“This project will provide over 200 high quality jobs for the area as well as other economic benefits for Pershing County,” he said. “In addition to impacting the county road, the expansion area will prohibit the construction of a rail line from the Nevada Iron Mine to their rail siding adjacent to US Highway 95 which renders the mine project economically impracticable.”

The iron mine is mentioned briefly in the BLM’s EA for the proposed land management evaluation. Nevada Iron has not applied for a rail corridor right-of-way according to the BLM.

“Nevada Iron (also known as Buena Vista Mine and New Nevada Resources) has expressed interest in a rail line from the Nevada Iron Mine, located outside the LME withdrawal area, to U.S. 95 through the LME withdrawal area north of the DON’s (Department of Navy’s) B-20 Range to transport materials. However, no application has been submitted to the BLM.”

Unless the rail line is permitted, it could be delayed or prohibited if the BLM’s four-year land management evaluation and the Navy’s latest training range expansion plans are approved.

Nevada Iron is an Australia-based company that purchased the Buena Vista magnetite deposit for $6 million in June, 2011. The mine could produce up to 1.75 million tons per year of magnetite iron concentrate over a mine life of ten years, according to the Nevada Iron website.

In addition to economic impacts, the Navy’s expansion could impact PILT (Payment in Lieu of Taxes) paid to the county by the federal government for untaxed public land in Pershing County.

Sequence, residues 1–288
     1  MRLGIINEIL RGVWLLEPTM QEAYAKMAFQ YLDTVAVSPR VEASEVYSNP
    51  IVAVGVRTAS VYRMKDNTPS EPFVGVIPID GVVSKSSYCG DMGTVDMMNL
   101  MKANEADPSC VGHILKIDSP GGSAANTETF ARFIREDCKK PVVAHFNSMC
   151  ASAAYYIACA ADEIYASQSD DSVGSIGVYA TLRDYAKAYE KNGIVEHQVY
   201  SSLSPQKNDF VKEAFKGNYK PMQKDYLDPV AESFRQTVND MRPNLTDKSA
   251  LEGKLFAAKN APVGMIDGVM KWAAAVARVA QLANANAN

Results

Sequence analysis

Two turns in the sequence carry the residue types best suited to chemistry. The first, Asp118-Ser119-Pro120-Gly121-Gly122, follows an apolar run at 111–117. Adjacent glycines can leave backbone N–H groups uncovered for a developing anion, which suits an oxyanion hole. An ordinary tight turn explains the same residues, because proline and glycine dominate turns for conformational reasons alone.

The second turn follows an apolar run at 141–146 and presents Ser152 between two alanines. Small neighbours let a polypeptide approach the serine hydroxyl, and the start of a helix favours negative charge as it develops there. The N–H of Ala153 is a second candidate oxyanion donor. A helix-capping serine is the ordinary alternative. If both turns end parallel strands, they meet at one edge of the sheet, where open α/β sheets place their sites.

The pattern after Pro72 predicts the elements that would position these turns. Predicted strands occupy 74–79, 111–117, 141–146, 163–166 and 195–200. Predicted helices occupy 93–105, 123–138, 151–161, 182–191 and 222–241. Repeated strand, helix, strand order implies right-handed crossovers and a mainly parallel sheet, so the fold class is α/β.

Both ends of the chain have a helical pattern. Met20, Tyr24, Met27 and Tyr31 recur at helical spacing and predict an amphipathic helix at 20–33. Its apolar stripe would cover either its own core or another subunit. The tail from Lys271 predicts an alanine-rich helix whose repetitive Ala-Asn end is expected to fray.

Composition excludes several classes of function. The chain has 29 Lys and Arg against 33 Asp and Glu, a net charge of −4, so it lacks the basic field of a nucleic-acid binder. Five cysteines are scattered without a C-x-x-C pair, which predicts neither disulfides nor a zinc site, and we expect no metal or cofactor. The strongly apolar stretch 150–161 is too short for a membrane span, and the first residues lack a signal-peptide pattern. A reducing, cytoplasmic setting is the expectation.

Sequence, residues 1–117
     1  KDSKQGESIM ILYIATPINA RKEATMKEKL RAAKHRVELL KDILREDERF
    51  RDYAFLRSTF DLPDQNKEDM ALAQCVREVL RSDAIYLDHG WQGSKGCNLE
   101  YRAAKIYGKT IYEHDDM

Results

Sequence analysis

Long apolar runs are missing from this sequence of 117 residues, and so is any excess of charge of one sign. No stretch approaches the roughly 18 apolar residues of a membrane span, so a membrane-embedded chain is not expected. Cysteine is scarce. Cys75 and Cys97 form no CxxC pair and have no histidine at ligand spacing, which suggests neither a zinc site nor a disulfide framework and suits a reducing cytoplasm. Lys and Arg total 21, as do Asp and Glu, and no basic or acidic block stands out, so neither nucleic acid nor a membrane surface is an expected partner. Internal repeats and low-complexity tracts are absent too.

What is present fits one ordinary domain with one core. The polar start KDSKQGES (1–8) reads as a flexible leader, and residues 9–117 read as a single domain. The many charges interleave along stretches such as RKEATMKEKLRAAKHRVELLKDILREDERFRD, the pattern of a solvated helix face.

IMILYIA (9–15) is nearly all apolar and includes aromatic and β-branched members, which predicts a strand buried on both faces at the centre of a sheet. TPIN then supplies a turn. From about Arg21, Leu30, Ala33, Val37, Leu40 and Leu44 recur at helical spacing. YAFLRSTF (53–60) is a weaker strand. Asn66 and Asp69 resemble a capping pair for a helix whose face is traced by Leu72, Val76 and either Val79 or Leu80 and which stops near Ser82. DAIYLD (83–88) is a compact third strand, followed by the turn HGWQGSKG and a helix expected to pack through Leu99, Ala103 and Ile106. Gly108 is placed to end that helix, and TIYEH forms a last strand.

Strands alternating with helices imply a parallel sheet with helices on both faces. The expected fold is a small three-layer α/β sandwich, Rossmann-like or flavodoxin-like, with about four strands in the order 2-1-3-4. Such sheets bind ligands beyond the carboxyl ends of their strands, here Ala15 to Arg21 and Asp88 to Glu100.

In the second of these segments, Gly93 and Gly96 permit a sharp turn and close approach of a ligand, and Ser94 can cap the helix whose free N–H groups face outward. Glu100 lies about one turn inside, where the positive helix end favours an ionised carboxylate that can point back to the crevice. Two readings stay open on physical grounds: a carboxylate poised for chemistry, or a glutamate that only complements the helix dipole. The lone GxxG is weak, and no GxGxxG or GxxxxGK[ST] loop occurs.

McDougal said he supports the Navy’s expansion plan but opposes a road closure that would impact private land and economic development in south Pershing County.

“While Pershing County supports the training mission of Fallon Naval Station, we do oppose the expansion of the B-20 range over the County’s Bombing Range Road and Pole Line Road in Churchill County,” he said. “In the forthcoming extension, we request BLM to reduce the extent of the withdrawal to preserve the county road. Moving the expansion boundary to the south of the county road will protect this vital transportation route, allow for economic development of the Nevada Iron mine, and eliminate the impact on private land ownership in Pershing County.”


James Drake owns 40 acres near Bombing Range Road and within the Navy’s proposed expansion of the B-20 bombing range. His plans for a cattle ranch and bentonite mine are on hold due to the possible military expansion. Drake said the expansion would impact other landowners, small miners and ranchers. In his 2016 comment letter to the Navy, Drake also asked that the B-20 bombing range boundary stay to the south of Bombing Range Road.

“Moving the proposed area two miles south preserves access to recreational areas in the surrounding mountain and valley areas,” he said. “Bombing Range Road and Wild Horse Pass would (not) be closed and would continue to be accessible by the public. Wild Horse Springs would remain open to public access as well as watering and grazing areas for domestic animals and wildlife. By moving the expansion two miles to the south, the need to acquire private land is dramatically reduce resulting in a cost savings in land acquisition by the Navy.”

The BLM and the Navy will host a meeting on Tuesday, June 19, 2018, 5 to 7 p.m. at the Fallon Convention Center to explain the land management evaluation and the FRTC expansion plan.

As of May 4, the public had 90 days to comment on the Navy’s amended land withdrawal application and the BLM’s Environmental Assessment of the FRTC expansion plan.

Comments can be submitted by email to: Comments can also be faxed to 775-885-6147 or mailed to BLM Carson City District, Attn: NAS Fallon FRTC, 5665 Morgan Hill Road, Carson City, NV 89701.

The BLM’s EA and related documents are available at